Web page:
Author/Illustrator: Tim Egan
Publisher/Date: Houghton Mifflin/2007
Genre/Audience: Fiction/Preschool and up
Themes: self-actualization and laziness
Opening: "Dodsworth loved to do nothing. Now, this isn't to say that he never did anything, because he did. But his motto was basically 'Try to do as little as possible.'"
Synopsis: From School Library Journal: "Dodsworth leads a rather dull and lazy life of naps, TV, and daily junkyard trips to replenish his thrift-shop stock. The mouse's routines are abruptly altered when he is attracted to a magnet on the front of a rusty pink refrigerator. The mysterious appliance becomes his cornucopia for adventures as it is filled with different supplies each day to help him follow the gentle suggestions written on notes held under the magnet: "Make pictures"; "Read more"; "Play music." His days become so filled with purpose and life that when a last note on the now-empty refrigerator exhorts him to "Keep exploring," Dodsworth finds he has the inner resources to do just that. Egan's masterful handling of the character's growth from lazy lump to a delighted self-starter will engage readers."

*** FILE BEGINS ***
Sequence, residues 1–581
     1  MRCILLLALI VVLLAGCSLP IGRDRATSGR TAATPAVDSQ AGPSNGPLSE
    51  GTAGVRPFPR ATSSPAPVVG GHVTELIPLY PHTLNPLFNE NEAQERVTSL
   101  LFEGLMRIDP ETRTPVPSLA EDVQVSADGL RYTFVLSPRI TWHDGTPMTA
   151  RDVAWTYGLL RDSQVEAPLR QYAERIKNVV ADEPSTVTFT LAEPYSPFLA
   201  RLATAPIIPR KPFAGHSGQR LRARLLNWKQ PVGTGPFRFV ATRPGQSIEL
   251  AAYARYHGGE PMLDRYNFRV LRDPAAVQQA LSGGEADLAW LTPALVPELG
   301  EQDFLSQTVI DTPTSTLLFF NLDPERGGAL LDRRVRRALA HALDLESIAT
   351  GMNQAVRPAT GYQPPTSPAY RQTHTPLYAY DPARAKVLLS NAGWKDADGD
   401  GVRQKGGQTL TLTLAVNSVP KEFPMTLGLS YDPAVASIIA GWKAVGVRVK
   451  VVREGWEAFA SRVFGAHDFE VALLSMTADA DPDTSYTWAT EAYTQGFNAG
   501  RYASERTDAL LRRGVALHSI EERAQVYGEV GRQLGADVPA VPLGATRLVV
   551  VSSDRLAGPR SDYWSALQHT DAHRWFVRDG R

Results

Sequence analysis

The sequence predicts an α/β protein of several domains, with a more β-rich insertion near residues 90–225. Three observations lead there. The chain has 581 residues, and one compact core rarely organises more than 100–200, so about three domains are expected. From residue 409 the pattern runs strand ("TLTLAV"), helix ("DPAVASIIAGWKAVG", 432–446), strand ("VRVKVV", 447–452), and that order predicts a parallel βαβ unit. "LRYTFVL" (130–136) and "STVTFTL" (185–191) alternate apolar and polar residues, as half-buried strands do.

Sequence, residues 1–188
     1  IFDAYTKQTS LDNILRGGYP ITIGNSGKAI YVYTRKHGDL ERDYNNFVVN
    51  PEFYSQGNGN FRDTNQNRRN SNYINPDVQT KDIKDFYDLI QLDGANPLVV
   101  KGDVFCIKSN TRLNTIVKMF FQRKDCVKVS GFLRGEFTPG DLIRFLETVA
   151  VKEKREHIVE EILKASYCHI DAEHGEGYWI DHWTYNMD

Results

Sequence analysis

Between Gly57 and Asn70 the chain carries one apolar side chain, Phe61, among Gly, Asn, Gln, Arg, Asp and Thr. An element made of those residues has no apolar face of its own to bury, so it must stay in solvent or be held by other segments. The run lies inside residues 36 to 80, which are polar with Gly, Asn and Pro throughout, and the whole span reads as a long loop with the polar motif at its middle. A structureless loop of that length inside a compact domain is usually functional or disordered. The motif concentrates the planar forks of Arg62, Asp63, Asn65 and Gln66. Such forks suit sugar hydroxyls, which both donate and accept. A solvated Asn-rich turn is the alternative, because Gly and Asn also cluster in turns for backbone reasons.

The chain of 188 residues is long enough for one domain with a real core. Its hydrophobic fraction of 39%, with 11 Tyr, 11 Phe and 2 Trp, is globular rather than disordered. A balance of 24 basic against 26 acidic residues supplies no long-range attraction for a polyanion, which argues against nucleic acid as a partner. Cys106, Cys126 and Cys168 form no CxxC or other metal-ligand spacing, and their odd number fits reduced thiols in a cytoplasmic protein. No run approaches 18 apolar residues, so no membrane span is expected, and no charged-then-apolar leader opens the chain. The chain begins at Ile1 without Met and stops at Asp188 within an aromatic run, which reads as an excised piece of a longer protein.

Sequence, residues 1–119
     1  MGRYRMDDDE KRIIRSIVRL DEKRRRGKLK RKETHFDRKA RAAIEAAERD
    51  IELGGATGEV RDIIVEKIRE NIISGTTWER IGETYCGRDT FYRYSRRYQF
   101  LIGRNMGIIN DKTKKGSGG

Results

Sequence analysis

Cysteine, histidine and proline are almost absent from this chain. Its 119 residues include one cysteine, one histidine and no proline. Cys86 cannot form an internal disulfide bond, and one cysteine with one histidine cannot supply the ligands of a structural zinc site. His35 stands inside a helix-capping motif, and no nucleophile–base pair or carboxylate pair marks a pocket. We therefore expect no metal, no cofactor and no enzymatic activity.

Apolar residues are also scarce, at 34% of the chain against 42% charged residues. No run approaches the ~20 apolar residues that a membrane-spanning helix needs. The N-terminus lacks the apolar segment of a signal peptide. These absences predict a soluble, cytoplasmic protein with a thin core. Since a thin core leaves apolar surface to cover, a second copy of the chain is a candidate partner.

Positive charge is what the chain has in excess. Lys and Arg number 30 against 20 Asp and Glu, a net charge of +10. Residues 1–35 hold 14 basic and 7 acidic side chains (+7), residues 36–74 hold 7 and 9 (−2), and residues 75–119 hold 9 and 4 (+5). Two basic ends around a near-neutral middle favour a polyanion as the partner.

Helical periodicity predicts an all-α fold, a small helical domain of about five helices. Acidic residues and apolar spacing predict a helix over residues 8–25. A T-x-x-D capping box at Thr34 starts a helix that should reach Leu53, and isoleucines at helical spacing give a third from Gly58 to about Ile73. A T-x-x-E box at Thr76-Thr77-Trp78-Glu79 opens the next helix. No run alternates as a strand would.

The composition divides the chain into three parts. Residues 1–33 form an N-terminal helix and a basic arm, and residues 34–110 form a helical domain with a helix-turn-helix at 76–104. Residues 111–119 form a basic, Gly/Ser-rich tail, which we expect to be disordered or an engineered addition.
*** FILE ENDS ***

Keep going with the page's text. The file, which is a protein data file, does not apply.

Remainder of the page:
Why I Love This Book: Have you ever been stuck in a rut? I love this book because it bumps the lazy Dodsworth off his couch and into action. His curiosity is motivated by a mysterious refrigerator. I would love to have all the time in the world to follow various paths of interest. It is very satisfying to see a character change his perspective on the world and choose adventure over a life lived vicariously in front of the television.
Children can make a list of things they would like to learn or explore, as noted in the following article: http://home-school-coach.com/wed-feb-1-the-pink-refrigerator-a-book-about-a-closet-of-sorts/
An educational article entitled "Critically Reading the Word and the World" uses The Pink Refrigerator as one example for activities such as literary maps and 'sketch-to-stretch'.
For more links to Perfect Picture Books, a collection of bloggers who contribute at Susanna Leonard Hill’s site, click here.